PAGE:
While the public health threat of the pandemic was terrifying, the economic impact to combat the virus was just as challenging. Record numbers of people unemployed and struggling to find work, make sure they had enough necessities on hand to get through the lockout, or both. An additional challenge of being a worker navigating through the COVID-19 economic environment. Are the different ways in which governments and employers were able to reduce their workforce and how to define leave or some other way to terminate their employment.
Two of the most common situations in which people suddenly find themselves are situations of layoff or temporary layoff. Both categories of employment have significant differences and different levels of eligibility for financial assistance. See how to define leave vs. layoff, so you understand all the options you have if you suddenly find yourself out of work.
When a worker is laid off, it means that he or she is no longer employed at a given company and will no longer receive pay or company benefits, such as health insurance. General Electric announced layoffs of nearly 10 % of its U.S. workforce due to expected impacts on the economy. Sometimes layoffs are temporary and companies rehire their former employees when conditions change. However, this is not always the case.
Depending on the number of employees in the company, laws, such as the Worker Adjustment and Retraining Notification Act (WARN), may require your employer to give you at least 30 days' notice before laying you off. Some employers may also have some type of severance policy to pay laid-off workers, although this is not always the case. However, for most small businesses with fewer than 100 employees, few laws or regulations offer meaningful protection for workers who suddenly find themselves out of work.
If a worker is suspended, that means that he or she is still considered an employee of the company. That is under the concept of working very reduced hours, if at all, and will have his or her pay reduced or suspended. Honda Motor Company suspended thousands of U.S. workers at its factories in response to the economic consequences of the crisis during Covid.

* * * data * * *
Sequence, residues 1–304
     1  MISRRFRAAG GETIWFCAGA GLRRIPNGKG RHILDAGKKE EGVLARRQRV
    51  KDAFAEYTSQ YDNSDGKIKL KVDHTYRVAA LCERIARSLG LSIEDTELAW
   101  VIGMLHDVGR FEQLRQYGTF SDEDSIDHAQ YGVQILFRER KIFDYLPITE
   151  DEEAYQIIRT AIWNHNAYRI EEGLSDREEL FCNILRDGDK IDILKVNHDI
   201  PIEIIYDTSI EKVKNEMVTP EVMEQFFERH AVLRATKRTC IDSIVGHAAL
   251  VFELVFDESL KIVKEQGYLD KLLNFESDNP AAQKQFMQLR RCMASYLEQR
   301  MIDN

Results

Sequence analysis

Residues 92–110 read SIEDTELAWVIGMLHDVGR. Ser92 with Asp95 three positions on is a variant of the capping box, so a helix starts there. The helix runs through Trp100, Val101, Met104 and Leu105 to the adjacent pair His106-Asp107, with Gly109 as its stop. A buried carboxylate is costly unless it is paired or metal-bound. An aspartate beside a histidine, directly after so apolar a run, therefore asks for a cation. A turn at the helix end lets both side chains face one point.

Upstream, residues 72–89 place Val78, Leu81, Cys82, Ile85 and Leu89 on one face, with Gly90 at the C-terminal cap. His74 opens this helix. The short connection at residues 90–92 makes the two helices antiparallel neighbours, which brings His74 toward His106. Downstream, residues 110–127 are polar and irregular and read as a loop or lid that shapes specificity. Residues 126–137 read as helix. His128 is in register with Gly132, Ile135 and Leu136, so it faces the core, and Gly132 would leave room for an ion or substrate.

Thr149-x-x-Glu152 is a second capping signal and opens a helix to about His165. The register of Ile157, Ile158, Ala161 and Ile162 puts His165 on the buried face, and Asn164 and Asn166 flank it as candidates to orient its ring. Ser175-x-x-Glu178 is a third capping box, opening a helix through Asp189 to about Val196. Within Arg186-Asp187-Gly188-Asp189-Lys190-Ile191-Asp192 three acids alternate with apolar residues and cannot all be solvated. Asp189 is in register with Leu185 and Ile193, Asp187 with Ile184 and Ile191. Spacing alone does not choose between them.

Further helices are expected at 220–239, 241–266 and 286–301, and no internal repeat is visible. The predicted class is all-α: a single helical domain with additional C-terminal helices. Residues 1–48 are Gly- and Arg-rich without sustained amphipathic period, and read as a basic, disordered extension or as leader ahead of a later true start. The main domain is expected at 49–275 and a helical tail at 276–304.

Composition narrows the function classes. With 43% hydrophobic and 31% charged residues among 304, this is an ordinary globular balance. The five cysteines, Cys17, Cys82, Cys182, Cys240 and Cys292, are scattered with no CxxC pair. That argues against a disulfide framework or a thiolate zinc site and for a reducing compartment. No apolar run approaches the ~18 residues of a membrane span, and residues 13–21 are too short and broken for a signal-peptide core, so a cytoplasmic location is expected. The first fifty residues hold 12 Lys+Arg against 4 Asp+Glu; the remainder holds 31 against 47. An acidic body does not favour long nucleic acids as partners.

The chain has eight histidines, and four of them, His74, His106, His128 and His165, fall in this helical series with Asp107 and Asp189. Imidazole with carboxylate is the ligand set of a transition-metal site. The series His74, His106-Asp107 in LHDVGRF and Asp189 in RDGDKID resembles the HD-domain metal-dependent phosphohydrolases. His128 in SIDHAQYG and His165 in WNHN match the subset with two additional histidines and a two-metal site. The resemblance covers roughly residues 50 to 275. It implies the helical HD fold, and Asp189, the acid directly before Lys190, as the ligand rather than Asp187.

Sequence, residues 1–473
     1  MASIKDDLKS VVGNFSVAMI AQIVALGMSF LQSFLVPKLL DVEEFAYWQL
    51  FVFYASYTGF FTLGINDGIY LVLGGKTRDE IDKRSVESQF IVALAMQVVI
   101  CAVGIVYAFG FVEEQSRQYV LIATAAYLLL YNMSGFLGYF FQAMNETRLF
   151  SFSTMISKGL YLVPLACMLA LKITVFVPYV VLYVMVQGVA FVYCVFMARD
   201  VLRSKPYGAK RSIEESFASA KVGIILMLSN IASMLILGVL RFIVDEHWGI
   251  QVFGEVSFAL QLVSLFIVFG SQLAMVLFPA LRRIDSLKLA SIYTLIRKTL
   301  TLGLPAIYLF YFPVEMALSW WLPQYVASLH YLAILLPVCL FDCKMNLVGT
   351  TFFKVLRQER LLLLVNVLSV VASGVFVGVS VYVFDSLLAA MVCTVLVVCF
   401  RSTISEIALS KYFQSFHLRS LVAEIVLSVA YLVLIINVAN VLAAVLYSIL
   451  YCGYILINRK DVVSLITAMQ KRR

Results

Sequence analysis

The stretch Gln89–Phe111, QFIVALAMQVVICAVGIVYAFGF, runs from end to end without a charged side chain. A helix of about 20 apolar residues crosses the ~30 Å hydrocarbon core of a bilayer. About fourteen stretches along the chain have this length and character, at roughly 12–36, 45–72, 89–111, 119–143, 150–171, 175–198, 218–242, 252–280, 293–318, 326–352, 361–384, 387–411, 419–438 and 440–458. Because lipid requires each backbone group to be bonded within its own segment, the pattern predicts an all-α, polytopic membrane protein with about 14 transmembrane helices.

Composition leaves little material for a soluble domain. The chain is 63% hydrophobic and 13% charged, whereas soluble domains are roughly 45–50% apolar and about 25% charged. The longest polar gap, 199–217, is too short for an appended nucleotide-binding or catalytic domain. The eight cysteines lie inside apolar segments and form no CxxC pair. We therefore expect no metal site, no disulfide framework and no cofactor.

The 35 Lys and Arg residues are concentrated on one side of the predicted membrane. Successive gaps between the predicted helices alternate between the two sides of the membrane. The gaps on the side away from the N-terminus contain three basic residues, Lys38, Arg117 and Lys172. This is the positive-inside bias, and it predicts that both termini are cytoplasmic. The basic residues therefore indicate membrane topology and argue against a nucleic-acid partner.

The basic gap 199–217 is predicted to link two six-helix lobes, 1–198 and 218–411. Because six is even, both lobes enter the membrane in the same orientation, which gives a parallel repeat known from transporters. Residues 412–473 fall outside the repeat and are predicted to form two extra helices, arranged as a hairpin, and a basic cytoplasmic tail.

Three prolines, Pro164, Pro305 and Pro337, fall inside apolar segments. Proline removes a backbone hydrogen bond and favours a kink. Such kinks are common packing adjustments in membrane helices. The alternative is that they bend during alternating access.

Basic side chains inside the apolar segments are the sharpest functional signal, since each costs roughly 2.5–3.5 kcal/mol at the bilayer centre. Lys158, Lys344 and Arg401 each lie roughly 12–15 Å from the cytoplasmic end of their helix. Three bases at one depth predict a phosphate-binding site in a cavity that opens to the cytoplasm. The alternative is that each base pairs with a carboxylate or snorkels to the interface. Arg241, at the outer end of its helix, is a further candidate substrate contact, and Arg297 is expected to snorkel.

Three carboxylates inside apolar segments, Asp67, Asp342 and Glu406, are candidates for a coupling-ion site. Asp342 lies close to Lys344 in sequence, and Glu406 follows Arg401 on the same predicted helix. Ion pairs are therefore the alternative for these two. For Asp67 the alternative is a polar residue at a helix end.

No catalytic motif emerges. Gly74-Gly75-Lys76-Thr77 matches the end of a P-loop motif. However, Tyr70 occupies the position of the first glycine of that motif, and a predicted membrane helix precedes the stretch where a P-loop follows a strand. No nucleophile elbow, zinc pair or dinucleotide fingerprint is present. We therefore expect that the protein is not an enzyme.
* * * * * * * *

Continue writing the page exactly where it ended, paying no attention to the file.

Furloughs allow companies to reduce costs during cyclical downturns or a severe economic recession, while retaining an experienced workforce available to restart operations when conditions improve. A furlough is considered temporary; once the downturn is over, companies generally return laid-off workers to their original employment status. However, in some cases where conditions do not improve, furloughs may turn into layoffs.
While licensing is getting a lot of attention during this crisis, it is quite common. The automotive and agricultural industries often use furloughs to keep costs under control. When keeping skilled workers on the payroll doesn't make business sense. Unlike layoffs, furloughed workers often keep company benefits such as health insurance, one of the key incentives to stay affiliated with a company until economic conditions improve. However, this is not always the case and, ultimately, company management teams set the terms of the furlough.
In normal times, both laid-off and furloughed workers may qualify for unemployment benefits. However, each state's rules on qualifying for unemployment are different, so you should always check with your state's employment agency to determine if you are eligible.
Workers on leave can and often do seek part-time employment to make up for lost wages. Depending on your situation and the type of employment you perform while on leave, you may even remain eligible for some type of unemployment benefits. Again, check with your state to determine your eligibility for the various types of unemployment assistance available if you find yourself in this situation.
Additional relief for laid-off and furloughed workers may also be coming soon. Be sure to stay updated on any new stimulus acts to make sure you are taking advantage of all the benefits available to you.
Whether suspended or dismissed, understand your current situation and potential benefits available is critical to effectively navigating the current crisis. If you suddenly find yourself out of work, you should continue to check the websites of federal agencies, such as the Department of Labor and the Small Business Administration, to determine if there are new benefits or changes to old ones.